Twenty-second Sunday in Ordinary Time

Hearing means meekness and humility

My son, conduct your affairs with humility, and you will be loved more than a giver of gifts. Humble yourself the more, the greater you are, and you will find favor with God. For great is the power of God; by the humble he is glorified. What is too sublime for you, seek not, into things beyond your strength search not.  The mind of a sage appreciates proverbs, and an attentive ear is the wise man’s joy. Water quenches a flaming fire, and alms atone for sins. Sir 3,17-20.28-29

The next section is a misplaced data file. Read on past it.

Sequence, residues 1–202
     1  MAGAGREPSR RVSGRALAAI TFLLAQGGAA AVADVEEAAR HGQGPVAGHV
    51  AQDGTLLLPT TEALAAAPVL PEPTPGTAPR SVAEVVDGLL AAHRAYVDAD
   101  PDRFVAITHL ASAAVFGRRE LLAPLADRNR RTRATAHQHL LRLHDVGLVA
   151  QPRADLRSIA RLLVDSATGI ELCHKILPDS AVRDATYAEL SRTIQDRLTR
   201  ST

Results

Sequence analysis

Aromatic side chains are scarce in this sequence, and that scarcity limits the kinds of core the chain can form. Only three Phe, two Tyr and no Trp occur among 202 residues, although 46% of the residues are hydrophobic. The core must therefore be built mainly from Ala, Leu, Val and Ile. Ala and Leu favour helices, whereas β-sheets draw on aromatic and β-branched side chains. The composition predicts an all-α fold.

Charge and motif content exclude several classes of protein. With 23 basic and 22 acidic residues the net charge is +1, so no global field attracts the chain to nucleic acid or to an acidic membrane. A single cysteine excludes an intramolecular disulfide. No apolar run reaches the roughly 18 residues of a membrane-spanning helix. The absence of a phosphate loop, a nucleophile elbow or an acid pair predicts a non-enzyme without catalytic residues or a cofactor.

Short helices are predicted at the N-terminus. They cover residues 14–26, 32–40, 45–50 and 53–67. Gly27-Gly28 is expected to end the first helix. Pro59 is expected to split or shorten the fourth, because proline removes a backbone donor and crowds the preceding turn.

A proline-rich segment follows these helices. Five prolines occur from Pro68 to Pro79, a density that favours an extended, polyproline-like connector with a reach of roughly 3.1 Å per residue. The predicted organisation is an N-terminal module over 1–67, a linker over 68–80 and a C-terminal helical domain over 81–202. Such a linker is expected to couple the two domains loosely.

In today’s meditation, we start from this line: “The mind of a sage appreciates proverbs, and an attentive ear is the wise man’s joy”. Therefore, there is a link between hearing and being wise, and there is another one between knowledge and reading the parables, assuming that parables are not only the ones told in the gospels, since the history of salvation is also a long and big parable. Making of all these concepts a single one, we can assess that sage are those who hear, and through hearing they also become wise only in a symbolic vision of life. The theologian Karl Barth states the same concept with his sentence: “the Bible in one hand, the newspaper in the other one”. In these daily meditations, we mostly refer to the gospels, in which the universal truth is more concentrated and easier to understand. We are talking about the real parables, and the events in the gospels which show Jesus’s Passion and Resurrection, his miracles, the Speech of the Mountain, Ascension and Pentecost better than the very parables. The parables communicate absolute truth by telling moving stories, in which the reader has to detect a real symbology. They do not explain the truth, but they throw us inside them and we must find our way to understand where we are and our way back home: that is to say, to get the truth of the parables into our real world. The language to explain the spiritual truth  by using visible realities is made possible by the fact that there exists a basic relationship between the “world” and the “kingdom of Heaven”, between the “human history” and the “history of salvation”. These relationships, working on the same principle as the communicating vessels, permit the relationship between the Bible and the newspaper and make the parables a wonderful instrument to read the spiritual truth. My friend Sergio, eternally looking for faith, told me one day: “You know, I have started to deepen in the mystery of Passion and Resurrection by meditating the parable of the wheat grain, which must die beneath the earth so that it could bear an abundant fruit”. Once these basic concepts are clear, we are ready to understand the first lines of today’s reading. The first one recommends: “Humble yourself the more, the greater you are” and the deepest point in humility is the attitude to hear the people, the events, the parables and God’s word altogether. The second one states: “Many are the proud and superb men, but God reveals his secrets to the meek”. That is, God reveals his secrets to the ones who do not think they own the truth, but has the meekness and humility to look for it in God’s word, particularly in the parables. The spur to dive into this reading is offered to us, day after day, by the need to understand both the events reported in the newspaper, and the one we live in our everyday life.

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